A mother and her three daughters were shoe shopping at the shoe
store where I work a few days before the election. The oldest
daughter — barely 6 years old, if that — was clearly
the mouth of the group, following me around and grilling me for
information. As I was measuring her youngest sister’s foot,
she noticed the Kerry for President button pinned to my shirt.

“John Ker-ry,” she sounded out. “We’re
voting for Bush.”

I love kids this age. They have a way of dispensing with the
bullshit — of saying exactly what they mean and calling the
world exactly as they see it using the simplest and most evocative
language possible — that makes me sing and dance inside.

“Democrats, she said after a moment, “want to make
things more expensive. So you shouldn’t vote for
them.”

Smiling slightly, I bit my tongue. Hard. It was all I could do
not to give this precocious little one an equally simple and
compelling reason not to vote Republican. For example: “Well,
sweetie, Republicans don’t think poor people should be
allowed to go to the hospital when they’re sick.” Or:
“Republicans want to take your privacy away.” Or even:
“Republicans want to kill families who live in other
countries.”

But her mother was sitting right there, looking vaguely
irritated.

In an ideal world, I would have closed the store on the spot and
bought this woman a coffee on the condition that she’d sit
down and talk about the election with me. I would have asked her
why she was really voting for Bush (surely there would be a more
complicated reason than the fear that the Democrats would take all
her money away), listened carefully, and offered a series of calm,
well-reasoned, passionate replies in hopes that even if I
couldn’t change her mind, at least I could show her I cared
and wanted to understand where she was coming from, that productive
political discourse is possible.

Instead, I bit down harder, stealing a glance at her talkative
daughter. I was that young once, that blonde, that bold. Children,
for all their bullshit-rejecting acumen, cannot talk politics
because they don’t have enough information. Adults —
American ones, anyway — can’t talk politics these days
because they’ve been trained to spew childishly simplistic
talking points and shut their ears to the opposition.

I blame the Bush administration (and its media subsidiaries) and
its polarizing rhetoric. They tell us our choice is them or the
terrorists, and to me that is no choice at all. I can pick one kind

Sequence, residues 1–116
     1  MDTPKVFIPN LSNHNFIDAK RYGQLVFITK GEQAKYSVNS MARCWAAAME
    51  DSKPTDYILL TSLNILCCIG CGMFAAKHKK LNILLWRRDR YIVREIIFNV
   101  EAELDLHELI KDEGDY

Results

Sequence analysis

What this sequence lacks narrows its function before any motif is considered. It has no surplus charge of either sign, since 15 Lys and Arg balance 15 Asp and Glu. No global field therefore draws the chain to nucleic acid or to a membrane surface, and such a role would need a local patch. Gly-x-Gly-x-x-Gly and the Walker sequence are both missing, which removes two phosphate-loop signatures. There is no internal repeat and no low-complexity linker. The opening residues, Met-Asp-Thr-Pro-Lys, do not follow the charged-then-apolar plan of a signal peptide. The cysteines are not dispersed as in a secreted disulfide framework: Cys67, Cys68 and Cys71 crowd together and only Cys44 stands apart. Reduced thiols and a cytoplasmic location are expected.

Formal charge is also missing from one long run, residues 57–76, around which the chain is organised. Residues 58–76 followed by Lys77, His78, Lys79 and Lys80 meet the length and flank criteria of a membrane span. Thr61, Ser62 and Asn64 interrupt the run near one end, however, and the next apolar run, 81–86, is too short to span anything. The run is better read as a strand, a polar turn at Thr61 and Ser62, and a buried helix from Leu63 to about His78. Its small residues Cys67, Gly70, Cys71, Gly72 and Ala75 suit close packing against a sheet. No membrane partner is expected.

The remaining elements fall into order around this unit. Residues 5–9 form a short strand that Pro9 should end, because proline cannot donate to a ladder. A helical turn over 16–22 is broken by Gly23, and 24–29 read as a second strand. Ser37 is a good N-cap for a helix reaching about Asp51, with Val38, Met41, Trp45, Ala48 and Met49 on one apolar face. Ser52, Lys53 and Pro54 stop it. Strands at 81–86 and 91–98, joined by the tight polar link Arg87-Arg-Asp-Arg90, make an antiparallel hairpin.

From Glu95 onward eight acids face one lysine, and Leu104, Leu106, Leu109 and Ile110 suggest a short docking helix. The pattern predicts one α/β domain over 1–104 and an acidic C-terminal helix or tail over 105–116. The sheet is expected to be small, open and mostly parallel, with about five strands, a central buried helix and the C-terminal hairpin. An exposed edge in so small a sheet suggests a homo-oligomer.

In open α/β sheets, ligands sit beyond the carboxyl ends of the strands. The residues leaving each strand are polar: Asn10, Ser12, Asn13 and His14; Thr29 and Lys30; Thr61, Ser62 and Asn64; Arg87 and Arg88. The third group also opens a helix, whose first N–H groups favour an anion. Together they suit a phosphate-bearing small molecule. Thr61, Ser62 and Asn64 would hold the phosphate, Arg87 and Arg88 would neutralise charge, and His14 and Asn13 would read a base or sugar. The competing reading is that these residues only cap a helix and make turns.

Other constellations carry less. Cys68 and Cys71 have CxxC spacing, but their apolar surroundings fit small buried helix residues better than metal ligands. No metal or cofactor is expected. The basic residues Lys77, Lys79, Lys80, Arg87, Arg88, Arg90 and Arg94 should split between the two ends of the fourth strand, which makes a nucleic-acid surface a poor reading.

of violent religious zealotry or another. I can choose to invade
countries that neither attacked mine nor threatened to —
removing an odd dictator now and then, but at the cost of hundreds
or thousands of lives — or I can love terror and hate
freedom.

No. I love freedom, but I hate the Bush administration. There, I
said it. I hate the Bush administration for curtailing my civil
liberties and then deigning to tell me it’s for my own good,
for fanning the flames of homophobia in the name of a God they
claim speaks directly to them. I disagree with nearly every
important domestic and foreign policy move the administration has
made. I have very little patience for prescriptive religious
zealots, and I hate that the leader of the Western world —
the one with the most nukes, I might add — cannot pronounce
the word “nuclear.”

What I hate most of all is that I am using the word
“hate.” And meaning it. Dictators and terrorists and
religious nutcases and sullen six-year-olds “hate”
things. I should know better. I should tone it down.

People on the Right have the same problem, and if you think they
don’t, you haven’t been listening to a word
they’ve been saying.

We get so angry we can’t speak, and when we finally spit
out arguments, our words are full of anger and spite. Saucy little
girls we might have won over had we been patient walk away with
their good Christian mothers (decent, hard-working women who may or
may not believe that Jesus wouldn’t want gay people to get
tax breaks or joint health care plans) and by the time they outgrow
their pricey Swedish sneakers they (and their mothers) will be out
of our reach.

We (and by “we,” I mean intelligent and thoughtful
Americans — on the left, on the right and everywhere in
between) should all tone it down. More than should. We must.
Because more than half of us have just elected a president who
won’t. If there’s any hope for us as a nation, we have
to listen to each other, to find common ground. We have to respect
their Libertarian, Bush-supporting uncles, our radical left-wing
ex-roommates, our gay relatives enough to hear them out, to want to
understand and engage them. If this sounds wishy-washy to you, the
spin has gone to your head. It will be difficult and painful and
slow at times, but the old saw about walking a mile in someone
else’s shoes hasn’t done us wrong yet. Lace up and get
going.

 

Henretty is a University alum and was the Daily’s
editorial page editor and a columnist.

Leave a comment

Your email address will not be published.